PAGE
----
A healthy approach to social media
Social media has become such a massive part of our daily lives, sometimes we don’t even realise how much time we spend scrolling through our feeds to find that hit of dopamine.
It can often be the last thing we look at before we go to bed and the first thing we check in the morning. Spending long periods of time online can leave a person feeling isolated, alone, anxious and unconnected which has a negative impact on their mental health.
Now, we’re not saying social media is a bad tool as there are so many positive features and people online to help inspire us, but now is a good time to have a healthier relationship with social media.
It’s important to remember that social media is a fabrication of our lives and the people you follow will want to showcase the best side of themselves and #livingtheirbestlife.
This isn’t always the case but more often than not it is. You only see a small slice of someone’s day not the whole picture so, if you’re having a low day seeing a friend or influencer online happy and smiling this can affect your mental health as you start to compare yourself to others.
With this in mind, is it time to have a good clear out and clean your feeds? Although it’s not easy to figure out why you’re feeling down – part of the problem could be due to who you’re following.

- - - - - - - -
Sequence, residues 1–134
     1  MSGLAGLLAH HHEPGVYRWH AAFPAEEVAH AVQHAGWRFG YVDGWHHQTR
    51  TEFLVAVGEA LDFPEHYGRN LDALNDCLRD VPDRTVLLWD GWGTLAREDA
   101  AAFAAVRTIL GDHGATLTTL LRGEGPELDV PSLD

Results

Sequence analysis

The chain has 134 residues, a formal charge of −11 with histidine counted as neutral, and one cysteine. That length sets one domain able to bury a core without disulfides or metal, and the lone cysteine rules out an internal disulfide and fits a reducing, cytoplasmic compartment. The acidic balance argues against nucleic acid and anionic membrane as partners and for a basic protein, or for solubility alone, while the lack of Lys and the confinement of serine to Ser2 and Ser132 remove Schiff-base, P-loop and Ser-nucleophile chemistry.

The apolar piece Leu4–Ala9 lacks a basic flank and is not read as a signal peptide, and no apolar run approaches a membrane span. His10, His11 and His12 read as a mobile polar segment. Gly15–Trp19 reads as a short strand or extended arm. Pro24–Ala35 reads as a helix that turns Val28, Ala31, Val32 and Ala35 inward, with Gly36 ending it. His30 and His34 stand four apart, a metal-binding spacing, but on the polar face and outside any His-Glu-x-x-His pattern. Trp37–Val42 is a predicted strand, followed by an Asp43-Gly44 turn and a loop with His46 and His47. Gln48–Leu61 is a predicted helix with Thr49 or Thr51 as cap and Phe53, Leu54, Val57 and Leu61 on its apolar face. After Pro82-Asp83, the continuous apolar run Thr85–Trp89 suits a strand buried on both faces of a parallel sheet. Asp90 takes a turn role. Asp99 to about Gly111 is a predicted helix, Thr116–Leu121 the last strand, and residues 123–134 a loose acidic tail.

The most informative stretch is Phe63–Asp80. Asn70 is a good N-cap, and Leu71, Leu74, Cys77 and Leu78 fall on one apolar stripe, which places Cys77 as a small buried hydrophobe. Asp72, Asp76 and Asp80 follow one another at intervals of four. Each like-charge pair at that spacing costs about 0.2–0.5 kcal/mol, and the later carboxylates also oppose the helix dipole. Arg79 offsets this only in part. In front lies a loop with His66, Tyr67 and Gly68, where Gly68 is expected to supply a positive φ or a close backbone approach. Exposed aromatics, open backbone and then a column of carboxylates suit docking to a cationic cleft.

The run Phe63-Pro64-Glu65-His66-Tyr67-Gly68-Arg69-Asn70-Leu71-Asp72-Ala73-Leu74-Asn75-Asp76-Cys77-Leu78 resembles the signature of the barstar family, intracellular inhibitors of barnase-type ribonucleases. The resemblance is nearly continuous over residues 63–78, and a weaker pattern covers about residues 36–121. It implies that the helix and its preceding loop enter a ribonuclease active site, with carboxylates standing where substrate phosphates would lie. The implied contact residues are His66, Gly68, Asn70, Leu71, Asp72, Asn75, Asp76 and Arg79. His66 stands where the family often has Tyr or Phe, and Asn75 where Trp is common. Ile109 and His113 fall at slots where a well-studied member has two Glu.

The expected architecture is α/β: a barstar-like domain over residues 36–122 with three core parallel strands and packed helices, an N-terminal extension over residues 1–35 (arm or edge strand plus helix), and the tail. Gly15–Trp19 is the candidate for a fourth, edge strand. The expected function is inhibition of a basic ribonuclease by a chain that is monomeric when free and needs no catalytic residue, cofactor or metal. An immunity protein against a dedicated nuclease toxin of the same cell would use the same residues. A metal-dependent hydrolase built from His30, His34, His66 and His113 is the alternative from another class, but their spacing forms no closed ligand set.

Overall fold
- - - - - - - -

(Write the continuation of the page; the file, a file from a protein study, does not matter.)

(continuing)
Top tips for a healthier social experience:
- Go through who you’re following and try unfollowing or muting accounts that upset you and take up too much of your time.
- You are in charge of who you follow and what you want to see – make it diverse, make it inspiring and make it a place you feel comfortable!
- Be strict with your usage. Allow yourself set times during the day to use social media whether this is ten minutes on your lunchbreak or a quick five minutes in between cooking dinner. It’s equally important not to be harsh on yourself too, if you say, “oh I’ll have a quick ten minutes” and it ends up being longer don’t beat yourself up about it.
- Recognise when you’ve had enough and when it’s time to put the phone down or shut the laptop – this can be very empowering!
- Try to make a habit of spending the first and last hour of your day without a screen. Instead go for a walk, read a book, meditate or draw – find an activity you enjoy that doesn’t involve a screen. Easier said than done we know but practice makes perfect.
- There’s nothing like picking up the phone to call a friend or loved one – particularly now. Proper contact (albeit still estranged due to lockdown) can have a positive impact on your mental health and wellbeing.
Put your mental health first and if that means deleting an app or two for a while that’s okay. You know what’s best for you so take care of yourself in both the online and offline world.
For more advice and useful links about mental health and social media visit:
Blog by Verity Webb – to mark Children’s Mental Health Week and Time to Talk.
Part of Ditzy Media’s effort to consider social media responsibly – particularly for young people during this time of lockdown.